There’s an audible click as the door shuts behind us, plunging us into total darkness. We fumble around, moving our hands across the walls for clues. The smell of fear is thick in the air.
Paniq Room first opened its doors in Budapest in 2012, and has since taken off in the US and Australia. It’s an unusual way to spend an evening: trapped in a themed room with a group of friends, struggling to get out within the hour.
Sydney’s Paniq Room contains three separate scenarios, including the Bunker, a wartime head-scratcher and the easiest course on offer, and Supercell 117, where handcuffed and blindfolded participants must help each other escape from a prison.
The theme of our panic room – SEN3ES – is senses. We’re to use all of ours to escape a magician’s house. All except taste: “No licking the walls, guys,” we’re told by Rhys, our minder. “Or each other.”
Presumably there’s been trouble before.
The magician’s room is made up of three separate chambers, each filled with a variety of sensuous puzzles. We run our hands over clues in braille, we breathe deeply from some strongly-scented herbs to crack a code, we listen for secrets from a Walkman, and our sight comes and goes with the lights.
The clock is constantly ticking down as we race to solve one puzzle after another.
We emerge from the room with a minute to spare. “Well done, guys!” says Rhys, who seems very exuberant given he spends all day locking people up. “You’re in the 40 per cent of people who actually make it out. Not bad for your first time!”
We leave – or escape – feeling jubilant, and head out into the quiet, night-time back streets of the Rocks.
Once again, there’s an audible click as the door shuts behind us. There’s the smell of a quick rain evaporating off hot pavement. The sound of the city is distant, strange given we’re right in the heart of it.
That’s the Rocks – a bit of a puzzle itself.
This area is the oldest part of Sydney, being the first settlement in Australia after it was established by Captain Arthur Phillip of England in 1788 as a penal colony.
Like the panic rooms that lay within its confines, its past is a little dark – it was home to the Suez Canal, once the most crime-ridden and dangerous street in Sydney. The Rocks’ proximity to the docks of Sydney Harbour, and abundance of pubs, meant the area was a petri dish of scumbags and streetwalkers.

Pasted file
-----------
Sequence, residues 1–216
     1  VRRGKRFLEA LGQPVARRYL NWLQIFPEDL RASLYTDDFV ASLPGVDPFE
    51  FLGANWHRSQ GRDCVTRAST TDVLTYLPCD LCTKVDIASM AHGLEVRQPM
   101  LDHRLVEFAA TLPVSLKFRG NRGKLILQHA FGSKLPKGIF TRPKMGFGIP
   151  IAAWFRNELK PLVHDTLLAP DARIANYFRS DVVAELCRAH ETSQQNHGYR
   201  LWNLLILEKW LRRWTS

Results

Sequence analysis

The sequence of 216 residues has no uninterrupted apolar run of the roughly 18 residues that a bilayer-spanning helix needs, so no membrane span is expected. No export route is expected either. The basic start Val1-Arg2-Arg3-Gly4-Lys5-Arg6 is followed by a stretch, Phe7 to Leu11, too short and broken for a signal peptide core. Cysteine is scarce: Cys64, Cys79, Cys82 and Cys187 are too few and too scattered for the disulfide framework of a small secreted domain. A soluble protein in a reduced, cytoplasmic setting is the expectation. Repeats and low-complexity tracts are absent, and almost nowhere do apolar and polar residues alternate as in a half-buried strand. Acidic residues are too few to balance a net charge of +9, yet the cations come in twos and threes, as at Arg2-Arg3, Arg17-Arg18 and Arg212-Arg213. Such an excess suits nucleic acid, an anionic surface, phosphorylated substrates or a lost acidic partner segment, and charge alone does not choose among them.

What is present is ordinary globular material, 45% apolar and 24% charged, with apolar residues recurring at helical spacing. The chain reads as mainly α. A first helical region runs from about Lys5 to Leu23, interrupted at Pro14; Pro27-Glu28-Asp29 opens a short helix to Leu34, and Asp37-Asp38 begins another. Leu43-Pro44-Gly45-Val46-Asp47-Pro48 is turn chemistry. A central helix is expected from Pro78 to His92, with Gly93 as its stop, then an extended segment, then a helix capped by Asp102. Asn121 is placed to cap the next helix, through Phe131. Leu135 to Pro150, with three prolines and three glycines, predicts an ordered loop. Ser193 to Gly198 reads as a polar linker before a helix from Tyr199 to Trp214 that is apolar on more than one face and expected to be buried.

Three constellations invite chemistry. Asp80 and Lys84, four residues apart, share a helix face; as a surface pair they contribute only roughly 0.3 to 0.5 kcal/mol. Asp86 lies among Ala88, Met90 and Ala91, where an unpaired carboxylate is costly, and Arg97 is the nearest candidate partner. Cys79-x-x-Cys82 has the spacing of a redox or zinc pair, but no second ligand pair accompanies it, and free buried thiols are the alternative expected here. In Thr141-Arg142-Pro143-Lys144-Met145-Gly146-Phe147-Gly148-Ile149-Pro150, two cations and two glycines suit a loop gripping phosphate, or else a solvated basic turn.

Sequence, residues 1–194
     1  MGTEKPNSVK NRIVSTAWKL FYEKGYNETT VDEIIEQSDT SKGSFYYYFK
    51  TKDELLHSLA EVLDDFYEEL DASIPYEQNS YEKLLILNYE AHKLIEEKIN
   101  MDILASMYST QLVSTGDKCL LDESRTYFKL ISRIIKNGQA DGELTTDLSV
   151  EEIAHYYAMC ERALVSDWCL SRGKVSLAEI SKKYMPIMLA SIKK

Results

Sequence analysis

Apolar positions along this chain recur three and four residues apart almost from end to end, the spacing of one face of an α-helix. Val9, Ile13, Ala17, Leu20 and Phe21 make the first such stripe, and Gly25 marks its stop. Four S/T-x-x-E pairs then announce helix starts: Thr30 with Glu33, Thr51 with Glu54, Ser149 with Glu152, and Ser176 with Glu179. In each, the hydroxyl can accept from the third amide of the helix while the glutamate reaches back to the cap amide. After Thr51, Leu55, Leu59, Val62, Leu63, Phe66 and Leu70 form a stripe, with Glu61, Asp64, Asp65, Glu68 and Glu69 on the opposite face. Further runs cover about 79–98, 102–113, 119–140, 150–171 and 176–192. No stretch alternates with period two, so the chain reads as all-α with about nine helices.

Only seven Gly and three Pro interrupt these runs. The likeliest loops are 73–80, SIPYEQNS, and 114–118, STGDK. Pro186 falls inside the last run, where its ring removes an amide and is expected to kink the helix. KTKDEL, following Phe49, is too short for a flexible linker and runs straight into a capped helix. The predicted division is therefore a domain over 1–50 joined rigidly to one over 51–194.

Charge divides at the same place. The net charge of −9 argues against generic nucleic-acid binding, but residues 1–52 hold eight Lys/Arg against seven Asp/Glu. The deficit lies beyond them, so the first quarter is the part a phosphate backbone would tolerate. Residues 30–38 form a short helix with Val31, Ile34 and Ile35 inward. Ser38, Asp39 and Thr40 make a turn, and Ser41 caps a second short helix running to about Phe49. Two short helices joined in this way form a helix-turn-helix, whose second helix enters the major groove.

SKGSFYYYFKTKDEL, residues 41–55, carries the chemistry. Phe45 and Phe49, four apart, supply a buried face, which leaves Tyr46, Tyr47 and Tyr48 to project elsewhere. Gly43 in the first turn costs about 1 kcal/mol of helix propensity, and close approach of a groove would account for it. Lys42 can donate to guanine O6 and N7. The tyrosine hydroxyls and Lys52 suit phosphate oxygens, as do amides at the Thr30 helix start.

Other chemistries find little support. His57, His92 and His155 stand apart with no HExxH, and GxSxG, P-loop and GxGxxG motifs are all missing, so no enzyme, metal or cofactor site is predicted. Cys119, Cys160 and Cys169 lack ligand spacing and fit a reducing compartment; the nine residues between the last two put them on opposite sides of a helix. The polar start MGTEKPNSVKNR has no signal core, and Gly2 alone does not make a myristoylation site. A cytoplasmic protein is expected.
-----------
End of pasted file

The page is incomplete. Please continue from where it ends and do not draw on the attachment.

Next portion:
Close to where we’re standing was one of the Sydney colony’s first burial grounds. Deep beneath these streets are convicts and settlers who’ll never escape.
There is little evidence of that today, but the area does capitalise on its history.
It’s early evening, so the former Cadbury Chocolate factory in Gloucester Street is dressed to the nines. A cafe by day, the Tuxedo Bar is Sydney’s first venue dedicated to espresso martinis. Huge steel girders and coarse, exposed bricks are a contrasting backdrop to the smooth, rich blend of coffee and liquor.
It’s the perfect aperitif to our fragrant dinner at Wild Ginger Dining and Bar on George Street. Before us are betel leaf with smoked snowy mountain trout and flying fish roe, and fresh fine banana blossom dressed with grilled scallop. The food looks stunning and colourful in the raw sandstone surrounds of the room.
In Sydney’s early days our dining room was the Sailor’s Home, where seafarers slept in their bunks on their rare nights off. The sound of clinking glasses and the cheery chatter of the diners that echo around the room are a far cry from foghorns and restless sleep-talk of salty sea-dogs trying to sleep off a big night.
Speaking of big nights, the Endeavour Tap Rooms has seen a fair few of them. Located within the building that once housed Sydney’s longest-running colonial hotel, the pub now contains its own brewery and produces ales using seasonally-harvested ingredients.
The barman plonks a large, dark glass of hoppy amber ale on the solid, wooden counter. Its warm, caramel flavour soothes as we ponder where to go next. Australia’s first village is on our doorstep, with its maze-like cobbled streets and stone steps.
It’s a puzzle we’re in no hurry to solve.
The writers were guests of the NSW Government and Paniq Room.
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